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Bojorquez-Moreno v. Shores & Ruark Seafood Co., Inc.

United States District Court, E.D. Virginia, Richmond Division

March 17, 2015

AGUSTIN BOJORQUEZ-MORENO, et al., Plaintiffs,
v.
SHORES & RUARK SEAFOOD COMPANY, INC., et al., Defendants

Page 460

For Agustin Bojorquez-Moreno, Norberto Sepulveda-Cabrera, Alejandro Saldana-Cota, Leonardo Verdugo-Santos, Flavio Sepulveda-Cabrera, Plaintiffs: Erin Trodden, LEAD ATTORNEY, Legal Aid Justice Center (Charlottesville), Charlottesville, VA; Eunice Hyunhye Cho, James M. Knoepp, PRO HAC VICE, Southern Poverty Law Center, Atlanta, GA; Timothy A. Freilich, Virginia Justice Center for Farm & Immigrant Workers, Charlottesville, VA.

For Shores & Ruark Seafood Company, Inc., Urbanna Seafood Company, Inc., Rufus H. Ruark, Jr., Defendants: Scott William Kezman, LEAD ATTORNEY, Kaufman & Canoles PC, Norfolk, VA; Lauren Tallent Rogers, Kaufman & Canoles PC (Norfolk), Norfolk, VA.

Page 461

MEMORANDUM OPINION

Robert E. Payne, Senior United States District Judge.

This matter is before the Court on the Defendants' RULE 12(c) MOTION FOR JUDGMENT ON THE PLEADINGS (Docket No. 11). For the reasons stated below, this motion will be granted.

BACKGROUND

The Plaintiffs are five Mexican citizens who traveled from Mexico to Virginia to work for the Defendants under the H-2B work visa program. (Compl. ¶ 1.) Specifically, this temporary work consisted of shucking oysters found in the Rappahannock River in Urbanna, Middlesex County, Virginia. (Compl. ¶ ¶ 17-19, 42, 48-50.) The nature of the job is to remove oysters from their shells by using a shucking knife to pry open the shell and cut the oyster loose from it.

The H-2 work visa program allows an employer in the United States to import foreign guest workers to perform unskilled labor of a temporary nature if the U.S. Department of Labor (" DOL" ) certifies that there are insufficient available workers in the United States to perform the job. See 8 U.S.C. § 1101(a) (15) (H) (ii); (Compl. ¶ 25.). The H-2 program is divided into two separate visa categories; the H-2A program authorizes the seasonal employment of foreign workers to perform agricultural labor or services, while the H-2B program authorizes the employment of foreign workers to perform nonagricultural work. See 8 U.S.C. § 1101(a) (15) (H) (ii); 8 CFR § 214.2(h) (1) (ii) (D). The Plaintiffs in this case were admitted to the United States under H-2B visas. (Compl. ¶ ¶ 7-12.) In connection with the oyster shucking work that Plaintiffs performed for Defendants pursuant to their H-2B visas, Plaintiffs have asserted four counts against Defendants related to a purported failure to properly pay Plaintiffs' minimum wages and to provide the appropriate number of work hours. Specifically, Plaintiffs allege: (1) violations of the minimum wage provisions of the Fair Labor Standards Act (Count I); (2) violations of the Migrant and Seasonal Agricultural Worker Protection Act (Count II) ; (3) a breach of employment contract under state law (Count III); and (4) a third-party beneficiary claim for breach of contract under state law (Count IV).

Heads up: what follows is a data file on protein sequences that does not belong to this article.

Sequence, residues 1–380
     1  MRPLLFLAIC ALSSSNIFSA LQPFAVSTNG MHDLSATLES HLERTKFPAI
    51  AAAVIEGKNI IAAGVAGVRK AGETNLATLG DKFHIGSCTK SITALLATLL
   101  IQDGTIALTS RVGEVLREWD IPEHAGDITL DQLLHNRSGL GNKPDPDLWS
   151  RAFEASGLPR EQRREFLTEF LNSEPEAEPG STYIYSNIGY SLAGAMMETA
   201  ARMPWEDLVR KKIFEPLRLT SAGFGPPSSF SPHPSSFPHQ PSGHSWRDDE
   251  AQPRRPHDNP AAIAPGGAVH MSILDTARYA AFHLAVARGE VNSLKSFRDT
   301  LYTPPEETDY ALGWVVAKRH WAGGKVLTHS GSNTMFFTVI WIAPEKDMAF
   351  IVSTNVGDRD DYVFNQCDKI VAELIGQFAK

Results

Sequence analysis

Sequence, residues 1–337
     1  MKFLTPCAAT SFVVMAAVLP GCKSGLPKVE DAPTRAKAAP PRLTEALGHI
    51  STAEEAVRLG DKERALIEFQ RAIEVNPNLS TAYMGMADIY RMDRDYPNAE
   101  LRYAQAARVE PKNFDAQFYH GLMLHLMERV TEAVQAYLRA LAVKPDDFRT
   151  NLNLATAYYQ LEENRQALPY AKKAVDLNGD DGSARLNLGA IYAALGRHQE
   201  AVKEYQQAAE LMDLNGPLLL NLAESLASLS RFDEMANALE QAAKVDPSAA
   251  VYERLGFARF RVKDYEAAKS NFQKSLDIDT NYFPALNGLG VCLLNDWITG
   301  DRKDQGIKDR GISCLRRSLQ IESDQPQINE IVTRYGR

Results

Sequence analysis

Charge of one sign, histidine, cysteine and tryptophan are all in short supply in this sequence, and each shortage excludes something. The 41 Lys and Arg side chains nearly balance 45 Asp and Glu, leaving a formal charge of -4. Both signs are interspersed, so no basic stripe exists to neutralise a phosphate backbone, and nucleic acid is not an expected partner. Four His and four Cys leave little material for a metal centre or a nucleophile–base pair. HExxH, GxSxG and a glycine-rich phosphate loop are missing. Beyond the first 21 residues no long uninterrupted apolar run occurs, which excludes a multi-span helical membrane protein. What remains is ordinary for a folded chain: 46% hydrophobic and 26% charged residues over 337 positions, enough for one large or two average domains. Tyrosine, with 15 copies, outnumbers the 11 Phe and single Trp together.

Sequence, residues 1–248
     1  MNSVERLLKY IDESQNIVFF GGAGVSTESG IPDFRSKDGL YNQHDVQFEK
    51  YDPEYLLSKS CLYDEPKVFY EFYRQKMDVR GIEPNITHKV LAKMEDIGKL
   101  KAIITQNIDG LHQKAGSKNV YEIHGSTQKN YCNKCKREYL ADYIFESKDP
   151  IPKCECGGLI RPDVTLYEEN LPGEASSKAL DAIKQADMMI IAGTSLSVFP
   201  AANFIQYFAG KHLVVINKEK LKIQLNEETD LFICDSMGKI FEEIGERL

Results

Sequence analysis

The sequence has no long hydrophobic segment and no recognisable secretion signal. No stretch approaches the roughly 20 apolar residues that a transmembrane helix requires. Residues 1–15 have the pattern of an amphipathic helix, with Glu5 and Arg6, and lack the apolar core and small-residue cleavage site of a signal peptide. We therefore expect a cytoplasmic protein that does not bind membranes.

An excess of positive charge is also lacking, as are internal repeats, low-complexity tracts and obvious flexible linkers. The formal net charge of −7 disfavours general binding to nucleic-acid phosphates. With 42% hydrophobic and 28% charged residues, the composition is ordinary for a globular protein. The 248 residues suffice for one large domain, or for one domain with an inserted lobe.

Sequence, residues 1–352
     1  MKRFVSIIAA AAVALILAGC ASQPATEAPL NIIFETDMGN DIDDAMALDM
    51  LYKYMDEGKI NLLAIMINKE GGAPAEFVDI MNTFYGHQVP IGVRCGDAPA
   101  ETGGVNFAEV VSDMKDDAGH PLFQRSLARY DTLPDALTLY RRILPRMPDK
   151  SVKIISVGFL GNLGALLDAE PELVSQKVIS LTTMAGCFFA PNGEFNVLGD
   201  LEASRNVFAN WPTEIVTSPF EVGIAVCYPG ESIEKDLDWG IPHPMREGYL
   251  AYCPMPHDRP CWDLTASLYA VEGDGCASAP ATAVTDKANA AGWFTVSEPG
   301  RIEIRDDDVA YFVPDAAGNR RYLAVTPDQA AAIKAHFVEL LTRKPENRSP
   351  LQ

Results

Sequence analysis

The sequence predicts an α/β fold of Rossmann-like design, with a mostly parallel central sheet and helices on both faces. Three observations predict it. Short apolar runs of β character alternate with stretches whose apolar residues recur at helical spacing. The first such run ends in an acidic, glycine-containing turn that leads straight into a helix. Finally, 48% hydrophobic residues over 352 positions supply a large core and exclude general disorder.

DISCUSSION

I . Legal Standard